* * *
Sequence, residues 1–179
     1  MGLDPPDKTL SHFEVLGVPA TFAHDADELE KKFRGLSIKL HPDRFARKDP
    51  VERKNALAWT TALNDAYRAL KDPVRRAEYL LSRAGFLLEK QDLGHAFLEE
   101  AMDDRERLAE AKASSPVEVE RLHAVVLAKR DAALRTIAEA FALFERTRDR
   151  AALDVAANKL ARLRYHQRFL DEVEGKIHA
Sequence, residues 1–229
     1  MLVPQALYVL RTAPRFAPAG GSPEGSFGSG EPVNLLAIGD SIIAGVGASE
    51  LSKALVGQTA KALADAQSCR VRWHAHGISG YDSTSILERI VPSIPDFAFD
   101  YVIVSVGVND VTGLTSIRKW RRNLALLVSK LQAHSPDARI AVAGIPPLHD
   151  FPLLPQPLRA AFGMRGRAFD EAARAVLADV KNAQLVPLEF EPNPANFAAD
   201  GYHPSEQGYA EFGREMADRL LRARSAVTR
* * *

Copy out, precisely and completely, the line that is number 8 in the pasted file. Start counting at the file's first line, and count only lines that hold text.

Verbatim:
    51  LSKALVGQTA KALADAQSCR VRWHAHGISG YDSTSILERI VPSIPDFAFD